My daughter was fifteen years old when she bravely stood at my sister’s funeral and offered the following eulogy. This was just less than ten years ago, when we still lived back in Minnesota. My sister’s passing was like the first rock in the avalanche that finally brought us to Arizona. It’s funny where life takes you. I tried to find a picture of Kat, but I’m sad and somewhat ashamed to say I have none, except for the framed 8×10 of her at home (and I’m not home). This picture will have to do. Happy Birthday, Kat. We miss you.
“My Aunt Kat had a tough life. Of course, if she were sitting here now with us, she would stand up and insist stubbornly that I call her “Uncle Kat.” That quality of Kat’s, her stubbornness, is something that all of us who have known and loved her will always remember.
Kat left us with a sad reminder of how the decisions that people make during their life affect them and those around them, often in ways that no one can foresee.
But despite the challenges she faced every day, Kat stood up and everyone noticed. She was bold and bright and very beautiful, a star that burned out way too soon, and the sky will be less bright without her.
I never knew Kat half as much as she deserved. But despite this, she always welcomed me with a warm smile and a kind word. I could always count on her for a laugh, even when nothing seemed funny. And when the days were cloudy, Kat would bring a ray of sunshine in to my day.
I think that if somehow I had traded places with Kat for a day, that maybe I would have felt that life was unfair. And maybe it is, but Kat never complained about it. She always cared for others no matter what, especially for those without a voice, her birds, and cats (of course) and particularly her dog, Tio.
I remember visiting her once, and all I noticed at the time were all the birds, and how messy I thought her place was, and how all she had to do all day was sit and watch her little TV. It seemed sad to me at the time, and it was, but I regret now that I couldn’t see past all this, and maybe just sit down next to Kat, and hold her hand, and ask her how she was doing.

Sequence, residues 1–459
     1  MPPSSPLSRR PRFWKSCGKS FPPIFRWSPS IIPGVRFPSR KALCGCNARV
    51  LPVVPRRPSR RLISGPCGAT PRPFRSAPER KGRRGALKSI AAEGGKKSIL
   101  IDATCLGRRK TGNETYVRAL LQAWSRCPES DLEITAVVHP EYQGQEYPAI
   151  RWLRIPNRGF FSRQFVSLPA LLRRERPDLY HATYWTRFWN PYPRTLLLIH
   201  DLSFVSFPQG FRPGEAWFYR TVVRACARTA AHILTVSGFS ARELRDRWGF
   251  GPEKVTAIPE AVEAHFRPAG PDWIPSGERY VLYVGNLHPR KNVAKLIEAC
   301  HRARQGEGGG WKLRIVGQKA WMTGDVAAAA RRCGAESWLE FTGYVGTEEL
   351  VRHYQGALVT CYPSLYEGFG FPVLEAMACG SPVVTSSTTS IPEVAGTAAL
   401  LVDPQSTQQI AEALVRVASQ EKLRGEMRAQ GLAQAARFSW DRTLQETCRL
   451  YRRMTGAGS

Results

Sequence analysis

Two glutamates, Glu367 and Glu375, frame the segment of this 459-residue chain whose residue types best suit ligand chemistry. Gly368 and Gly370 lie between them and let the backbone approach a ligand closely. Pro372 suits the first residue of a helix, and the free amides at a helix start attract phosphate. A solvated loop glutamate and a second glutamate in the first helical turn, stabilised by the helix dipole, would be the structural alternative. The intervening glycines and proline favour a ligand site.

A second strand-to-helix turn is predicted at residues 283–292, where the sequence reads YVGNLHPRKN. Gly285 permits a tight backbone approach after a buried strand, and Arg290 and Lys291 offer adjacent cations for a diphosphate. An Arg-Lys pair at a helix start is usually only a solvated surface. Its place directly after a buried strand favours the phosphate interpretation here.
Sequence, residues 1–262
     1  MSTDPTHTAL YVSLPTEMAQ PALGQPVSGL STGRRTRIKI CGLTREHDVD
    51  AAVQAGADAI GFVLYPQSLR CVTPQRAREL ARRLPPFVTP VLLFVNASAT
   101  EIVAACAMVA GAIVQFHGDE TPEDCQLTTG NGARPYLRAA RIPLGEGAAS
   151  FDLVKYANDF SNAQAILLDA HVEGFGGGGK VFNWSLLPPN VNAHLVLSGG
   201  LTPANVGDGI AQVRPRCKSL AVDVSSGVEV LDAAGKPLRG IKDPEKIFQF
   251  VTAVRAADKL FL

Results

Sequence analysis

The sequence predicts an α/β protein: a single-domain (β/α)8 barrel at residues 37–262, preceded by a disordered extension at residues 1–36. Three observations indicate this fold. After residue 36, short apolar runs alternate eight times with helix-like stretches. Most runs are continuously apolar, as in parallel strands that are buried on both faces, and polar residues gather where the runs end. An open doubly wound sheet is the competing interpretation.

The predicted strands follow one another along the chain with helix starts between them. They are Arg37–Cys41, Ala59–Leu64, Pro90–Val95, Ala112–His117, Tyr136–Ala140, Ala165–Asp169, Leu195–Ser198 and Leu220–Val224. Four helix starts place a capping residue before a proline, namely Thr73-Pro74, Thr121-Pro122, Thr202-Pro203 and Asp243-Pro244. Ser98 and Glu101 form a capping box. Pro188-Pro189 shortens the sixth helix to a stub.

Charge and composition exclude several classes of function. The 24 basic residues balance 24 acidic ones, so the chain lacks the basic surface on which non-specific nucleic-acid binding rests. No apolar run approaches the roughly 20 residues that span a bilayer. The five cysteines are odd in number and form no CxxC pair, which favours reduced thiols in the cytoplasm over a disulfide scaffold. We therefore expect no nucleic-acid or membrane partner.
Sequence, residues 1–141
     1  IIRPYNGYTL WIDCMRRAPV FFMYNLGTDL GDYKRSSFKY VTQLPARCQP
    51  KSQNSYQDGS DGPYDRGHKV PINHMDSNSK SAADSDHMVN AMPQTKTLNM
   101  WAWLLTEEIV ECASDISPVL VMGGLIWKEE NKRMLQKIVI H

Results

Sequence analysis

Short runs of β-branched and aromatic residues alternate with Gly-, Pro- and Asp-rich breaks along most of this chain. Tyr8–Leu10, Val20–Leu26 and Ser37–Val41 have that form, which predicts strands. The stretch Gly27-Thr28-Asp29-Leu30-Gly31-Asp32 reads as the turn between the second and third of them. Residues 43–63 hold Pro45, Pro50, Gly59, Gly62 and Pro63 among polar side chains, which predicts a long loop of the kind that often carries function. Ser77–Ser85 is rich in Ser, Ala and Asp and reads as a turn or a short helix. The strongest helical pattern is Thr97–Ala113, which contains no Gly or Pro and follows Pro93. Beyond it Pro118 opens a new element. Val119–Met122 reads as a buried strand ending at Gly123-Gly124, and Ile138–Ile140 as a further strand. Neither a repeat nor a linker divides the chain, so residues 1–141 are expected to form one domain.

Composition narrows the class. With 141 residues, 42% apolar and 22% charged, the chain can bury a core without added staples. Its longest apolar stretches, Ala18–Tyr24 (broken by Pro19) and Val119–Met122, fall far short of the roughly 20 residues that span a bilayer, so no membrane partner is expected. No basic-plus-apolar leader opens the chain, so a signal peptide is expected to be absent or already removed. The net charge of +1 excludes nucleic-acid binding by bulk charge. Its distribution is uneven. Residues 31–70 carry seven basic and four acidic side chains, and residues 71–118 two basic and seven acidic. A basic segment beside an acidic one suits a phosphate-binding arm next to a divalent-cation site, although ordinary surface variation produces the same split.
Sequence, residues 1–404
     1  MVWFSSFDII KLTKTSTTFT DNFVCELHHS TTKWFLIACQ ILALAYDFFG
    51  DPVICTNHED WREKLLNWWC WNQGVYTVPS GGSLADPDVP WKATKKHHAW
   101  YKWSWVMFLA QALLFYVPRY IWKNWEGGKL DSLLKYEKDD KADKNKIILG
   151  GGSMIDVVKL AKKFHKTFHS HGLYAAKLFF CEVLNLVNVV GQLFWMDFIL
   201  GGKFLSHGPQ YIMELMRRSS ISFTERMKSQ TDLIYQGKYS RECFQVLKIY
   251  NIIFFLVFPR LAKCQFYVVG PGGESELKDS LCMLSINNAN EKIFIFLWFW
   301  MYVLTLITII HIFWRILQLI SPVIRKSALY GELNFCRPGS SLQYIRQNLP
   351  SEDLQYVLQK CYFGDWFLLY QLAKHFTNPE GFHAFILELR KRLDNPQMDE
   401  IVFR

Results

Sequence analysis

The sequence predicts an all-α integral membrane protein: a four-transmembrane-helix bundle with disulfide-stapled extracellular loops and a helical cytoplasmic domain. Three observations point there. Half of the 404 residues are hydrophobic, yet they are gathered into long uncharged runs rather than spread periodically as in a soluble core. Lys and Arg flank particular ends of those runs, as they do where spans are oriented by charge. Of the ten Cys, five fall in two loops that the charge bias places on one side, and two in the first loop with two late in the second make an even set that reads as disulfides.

Kat loved to cook. She had lots of cookbooks and recipes, and loved to have people over for dinner. She also had a big sweet tooth (it was her little secret). She had Snickers bars and 3-musketeers, and her candy jar was always full.
My mom and I went grocery shopping for her last week, and I thought it would be amusing if I picked out lots of candy and some blue JELLO for her. We brought the groceries back to her apartment, and when my mom showed her all of the candy we bought, her eyes lit up in anticipation.
But when I showed her the blue JELLO, she just laughed like it was the funniest thing she’d ever seen. So the next time you eat blue JELLO, think of my aunt Kat, and her smile. I know I will.
Maybe she never meant to, but Kat taught me a lesson while she was here; that life is too precious to waste. And now that we have lost her, this lesson is even more apparent to me.
Even though I didn’t get very close to her in the short time she was here, the time we spent together is precious, and I’m glad I knew her.
I am proud to be her niece, and I can only hope that I have inherited her potential. She was smart, and beautiful, and even though her light has left us, she will always be a part of us. She will be missed.”